DBT groups typically follow a structured curriculum and incorporate individual therapy alongside group sessions. This comprehensive approach helps individuals develop skills to navigate challenging emotions, maintain stable relationships, and create a life worth living.

Art Therapy Group

Art therapy groups integrate creative expression and the therapeutic process. Participants engage in various art forms, such as painting, drawing, sculpting, or collage-making, to explore their emotions, experiences, and personal narratives.

Art becomes a medium for communication and self-expression, allowing individuals to access deeper levels of understanding and healing.

Art therapy groups provide a safe space for exploration, self-reflection, and personal growth. They can be particularly beneficial for individuals who find it challenging to express themselves verbally or struggle with trauma, anxiety, or depression.

Related: 15 Goals and Importance of Group Counseling/Therapy

Substance Abuse Group Therapy

Substance abuse group therapy is specifically designed to address addiction-related issues. These groups focus on fostering a supportive and recovery-oriented environment, where individuals can share their experiences, setbacks, and achievements in relation to substance abuse.

Peers and professionals work together to provide guidance, encouragement, and accountability throughout the recovery journey.

The benefits of substance abuse group therapy include reducing feelings of isolation, learning from others’ experiences, and developing relapse prevention strategies.

This type of therapy is often an integral component of comprehensive addiction treatment programs.

Family Therapy Group

Family therapy groups involve the participation of family members or close loved ones in the therapeutic process. These groups aim to address relational dynamics, improve communication, and resolve conflicts within the family system.

Family therapy can be beneficial for a wide range of concerns, including relationship issues, substance abuse, mental health conditions, and trauma.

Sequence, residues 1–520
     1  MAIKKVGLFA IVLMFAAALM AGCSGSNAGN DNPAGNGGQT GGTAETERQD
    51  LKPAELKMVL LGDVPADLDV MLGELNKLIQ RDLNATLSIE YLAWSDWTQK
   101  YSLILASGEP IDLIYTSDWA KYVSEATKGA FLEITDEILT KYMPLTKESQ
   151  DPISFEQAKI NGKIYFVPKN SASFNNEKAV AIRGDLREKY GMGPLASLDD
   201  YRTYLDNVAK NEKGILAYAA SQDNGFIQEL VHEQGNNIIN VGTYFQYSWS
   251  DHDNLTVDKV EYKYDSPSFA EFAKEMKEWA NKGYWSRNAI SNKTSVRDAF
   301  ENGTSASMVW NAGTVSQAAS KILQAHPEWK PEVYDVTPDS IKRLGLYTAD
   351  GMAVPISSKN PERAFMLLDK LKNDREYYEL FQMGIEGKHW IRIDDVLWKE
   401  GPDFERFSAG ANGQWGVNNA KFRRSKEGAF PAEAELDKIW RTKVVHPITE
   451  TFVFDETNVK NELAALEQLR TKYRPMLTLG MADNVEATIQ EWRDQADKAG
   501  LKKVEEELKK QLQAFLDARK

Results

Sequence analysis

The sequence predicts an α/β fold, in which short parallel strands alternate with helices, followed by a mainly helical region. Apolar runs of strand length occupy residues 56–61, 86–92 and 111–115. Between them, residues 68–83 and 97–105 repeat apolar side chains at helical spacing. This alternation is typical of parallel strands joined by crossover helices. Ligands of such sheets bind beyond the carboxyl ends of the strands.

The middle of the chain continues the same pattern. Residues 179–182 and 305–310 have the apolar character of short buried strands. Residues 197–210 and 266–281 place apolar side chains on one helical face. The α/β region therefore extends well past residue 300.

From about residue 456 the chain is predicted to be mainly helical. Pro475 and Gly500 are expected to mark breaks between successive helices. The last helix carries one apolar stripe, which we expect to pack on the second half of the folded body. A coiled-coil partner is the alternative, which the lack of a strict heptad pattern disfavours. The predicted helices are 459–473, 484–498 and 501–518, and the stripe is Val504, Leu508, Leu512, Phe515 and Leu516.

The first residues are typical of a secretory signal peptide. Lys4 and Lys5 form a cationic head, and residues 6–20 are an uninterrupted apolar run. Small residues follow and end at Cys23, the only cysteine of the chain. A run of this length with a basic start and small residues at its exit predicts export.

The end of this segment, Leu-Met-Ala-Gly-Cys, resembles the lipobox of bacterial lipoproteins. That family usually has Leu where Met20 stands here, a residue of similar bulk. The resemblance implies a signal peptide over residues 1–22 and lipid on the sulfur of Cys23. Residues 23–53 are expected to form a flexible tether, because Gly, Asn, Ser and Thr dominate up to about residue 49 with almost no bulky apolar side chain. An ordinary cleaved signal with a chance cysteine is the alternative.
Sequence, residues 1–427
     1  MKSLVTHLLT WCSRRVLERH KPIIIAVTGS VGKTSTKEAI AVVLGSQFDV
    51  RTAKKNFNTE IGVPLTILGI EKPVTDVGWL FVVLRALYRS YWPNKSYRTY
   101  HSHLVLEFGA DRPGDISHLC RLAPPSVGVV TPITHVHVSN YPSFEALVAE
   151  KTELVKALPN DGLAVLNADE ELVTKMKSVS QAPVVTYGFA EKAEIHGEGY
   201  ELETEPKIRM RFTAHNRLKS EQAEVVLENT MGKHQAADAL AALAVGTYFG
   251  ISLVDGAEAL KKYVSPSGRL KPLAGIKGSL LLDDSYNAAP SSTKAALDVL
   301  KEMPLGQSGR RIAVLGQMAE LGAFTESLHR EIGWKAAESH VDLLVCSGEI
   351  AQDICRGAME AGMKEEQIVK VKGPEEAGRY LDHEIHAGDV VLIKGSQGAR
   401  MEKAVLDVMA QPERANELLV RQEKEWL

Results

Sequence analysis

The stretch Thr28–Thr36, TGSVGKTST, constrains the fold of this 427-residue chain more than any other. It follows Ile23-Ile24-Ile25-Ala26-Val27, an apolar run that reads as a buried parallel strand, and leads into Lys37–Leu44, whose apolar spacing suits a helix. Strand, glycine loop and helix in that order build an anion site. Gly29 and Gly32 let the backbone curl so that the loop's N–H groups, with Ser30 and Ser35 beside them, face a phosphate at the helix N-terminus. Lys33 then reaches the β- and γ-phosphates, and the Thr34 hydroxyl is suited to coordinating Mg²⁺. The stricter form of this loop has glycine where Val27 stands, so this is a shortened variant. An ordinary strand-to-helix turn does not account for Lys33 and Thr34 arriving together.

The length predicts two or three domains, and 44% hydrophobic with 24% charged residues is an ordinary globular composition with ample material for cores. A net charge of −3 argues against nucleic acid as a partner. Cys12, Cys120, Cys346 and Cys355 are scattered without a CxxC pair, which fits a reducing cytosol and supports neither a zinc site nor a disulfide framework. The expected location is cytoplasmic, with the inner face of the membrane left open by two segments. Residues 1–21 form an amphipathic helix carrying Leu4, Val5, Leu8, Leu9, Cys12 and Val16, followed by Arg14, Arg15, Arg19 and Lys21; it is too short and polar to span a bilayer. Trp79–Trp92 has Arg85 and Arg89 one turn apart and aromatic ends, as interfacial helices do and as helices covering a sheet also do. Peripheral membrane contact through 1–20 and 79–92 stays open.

The involvement of family members in the therapy process promotes understanding, empathy, and healthier interactions. Family therapy groups create a space for open dialogue, shared responsibility, and collaborative problem-solving.

Related: Heterogenous Therapy Group | Definition, Advantages, and Disadvantages 

Veterans Support Group

Veterans support groups cater to the specific needs of military veterans who may be dealing with various challenges related to their service. 

These groups provide a safe and understanding environment for veterans to share their experiences, discuss common issues, and support one another. The focus is on addressing the unique struggles faced by veterans, such as post-traumatic stress disorder (PTSD), transitioning to civilian life, and reintegration challenges.

Veterans’ support groups offer a sense of camaraderie, validation, and encouragement. They provide an avenue for veterans to find solace, gain perspective, and receive support from those who have shared similar experiences.

Online Group Therapy

With the advancements in technology, online group therapy has become increasingly popular. Online groups offer the convenience of attending therapy sessions from the comfort of one’s home or any location with internet access.

These groups use video conferencing platforms and virtual tools to facilitate group discussions, activities, and support. Some popular group therapy platforms include Talkspace and GoodTherapy.

While online group therapy provides accessibility and convenience, it is important to consider its limitations, such as potential privacy concerns and the need for a stable internet connection.

However, when conducted by trained professionals, online group therapy can be a valuable resource for individuals who may have difficulty accessing in-person therapy or prefer the online format.